Support the Café
Search our site

Christian humility

Christian humility

E. J. Dionne has written perhaps the most insightful column I have read on recent controversies about the interpretation of the Bible. His view on whether religious principles can be used to inform our opinions on vexing political issues:

The answer lies in embracing a humility about how imperfectly human beings understand the divine, which is quite different from rejecting God or faith. This humility defines the chasm between a living religious tradition and a dead traditionalism. We need to admit how tempted we are to deify whatever commitments we have at a given moment. And those of us who are Christian need to acknowledge that over the history of the faith, there have been occasions when “a supposedly changeless truth has changed,” as the great church historian and theologian Jaroslav Pelikan put it.

What distinguishes this view from pure relativism is the insistence that truth itself exists. The Christian’s obligation is to engage in an ongoing quest for a clearer understanding of what it is. Robertson would disagree with me, but I’d say that we are going through precisely such an effort when it comes to how we think about homosexuality, much as Christians have done before on such matters as slavery, the role of women and the Earth’s place in the universe.

What do you think of Dionne’s column?

Dislike (0)
0 0 vote
Article Rating
Facebooktwitterpinterestlinkedinmail

Café Comments?

Our comment policy requires that you use your real first and last names and provide an email address (your email will not be published). Comments that use non-PG rated language, include personal attacks, that are not provable as fact or that we deem in any way to be counter to our mission of fostering respectful dialogue will not be posted.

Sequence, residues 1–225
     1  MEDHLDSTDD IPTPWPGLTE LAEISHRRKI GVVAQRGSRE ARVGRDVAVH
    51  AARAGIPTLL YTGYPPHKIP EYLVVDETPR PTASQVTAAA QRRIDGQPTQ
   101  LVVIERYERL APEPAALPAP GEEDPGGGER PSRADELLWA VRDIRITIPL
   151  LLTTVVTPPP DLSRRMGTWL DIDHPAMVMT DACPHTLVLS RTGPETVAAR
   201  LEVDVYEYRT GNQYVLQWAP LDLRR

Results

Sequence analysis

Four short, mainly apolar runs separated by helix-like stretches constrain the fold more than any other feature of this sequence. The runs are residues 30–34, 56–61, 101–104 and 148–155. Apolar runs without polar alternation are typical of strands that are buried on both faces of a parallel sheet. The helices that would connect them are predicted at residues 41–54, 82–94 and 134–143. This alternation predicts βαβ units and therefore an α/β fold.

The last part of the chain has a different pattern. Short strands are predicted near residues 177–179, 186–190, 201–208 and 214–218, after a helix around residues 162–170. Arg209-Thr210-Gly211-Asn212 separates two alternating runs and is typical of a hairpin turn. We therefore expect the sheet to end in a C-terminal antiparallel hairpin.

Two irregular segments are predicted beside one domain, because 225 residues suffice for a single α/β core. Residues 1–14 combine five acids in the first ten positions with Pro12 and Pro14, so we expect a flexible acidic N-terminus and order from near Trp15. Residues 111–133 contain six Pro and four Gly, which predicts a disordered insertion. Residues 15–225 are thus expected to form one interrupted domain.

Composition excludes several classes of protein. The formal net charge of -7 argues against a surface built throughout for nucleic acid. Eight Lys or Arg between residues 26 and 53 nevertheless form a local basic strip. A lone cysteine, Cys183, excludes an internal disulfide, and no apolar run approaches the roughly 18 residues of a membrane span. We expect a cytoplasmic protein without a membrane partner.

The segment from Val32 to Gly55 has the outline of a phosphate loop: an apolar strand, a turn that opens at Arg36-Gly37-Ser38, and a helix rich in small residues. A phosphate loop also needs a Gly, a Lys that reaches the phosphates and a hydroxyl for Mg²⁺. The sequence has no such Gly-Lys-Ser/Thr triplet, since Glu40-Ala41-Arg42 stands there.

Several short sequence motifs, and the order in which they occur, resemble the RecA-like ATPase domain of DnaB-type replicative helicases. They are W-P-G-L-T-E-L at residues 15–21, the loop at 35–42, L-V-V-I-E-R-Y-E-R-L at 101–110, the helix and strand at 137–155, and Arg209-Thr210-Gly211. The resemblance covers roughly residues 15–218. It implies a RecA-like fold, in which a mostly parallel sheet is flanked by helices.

9 Comments
Newest
Oldest
Inline Feedbacks
View all comments
Gary Paul Gilbert

I don't see the need for attacking relativism, of which there are many respectable types in philosophy. A truth which never shows up as such and no truth are not very different. Most people are pragmatic enough to avoid a pointless ontological debate about whether truth as such exists.

Gary Paul Gilbert

"What distinguishes this view from pure relativism is the insistence that truth itself exists. The Christian’s obligation is to engage in an ongoing quest for a clearer understanding of what it is."

Like (0)
Dislike (0)
Gary Paul Gilbert

I don't see the need for attacking relativism, of which there are many respectable types in philosophy. A truth which never shows up as such and no truth are not very different. Most people are pragmatic enough to avoid a pointless ontological debate about whether truth as such exists.

Gary Paul Gilbert

"What distinguishes this view from pure relativism is the insistence that truth itself exists. The Christian’s obligation is to engage in an ongoing quest for a clearer understanding of what it is."

Like (0)
Dislike (0)
Rod Gillis

Folks who liked this, may also find the article in the link of interest.

http://www.ucobserver.org/opinion/2013/12/finish_sentence/

Like (0)
Dislike (0)
Rod Gillis

Folks who liked this, may also find the article in the link of interest.

http://www.ucobserver.org/opinion/2013/12/finish_sentence/

Like (0)
Dislike (0)
Rod Gillis

Folks who liked this, may also find the article in the link of interest.

http://www.ucobserver.org/opinion/2013/12/finish_sentence/

Like (0)
Dislike (0)
Facebooktwitterrss
Support the Café
Past Posts
2020_001

The Episcopal Café seeks to be an independent voice, reporting and reflecting on the Episcopal Church and the Anglican tradition.  The Café is not a platform of advocacy, but it does aim to tell the story of the church from the perspective of Progressive Christianity.  Our collective sympathy, as the Café, lies with the project of widening the circle of inclusion within the church and empowering all the baptized for the role to which they have been called as followers of Christ.

The opinions expressed at the Café are those of individual contributors, and, unless otherwise noted, should not be interpreted as official statements of a parish, diocese or other organization. The art and articles that appear here remain the property of their creators.

All Content  © 2017 Episcopal Café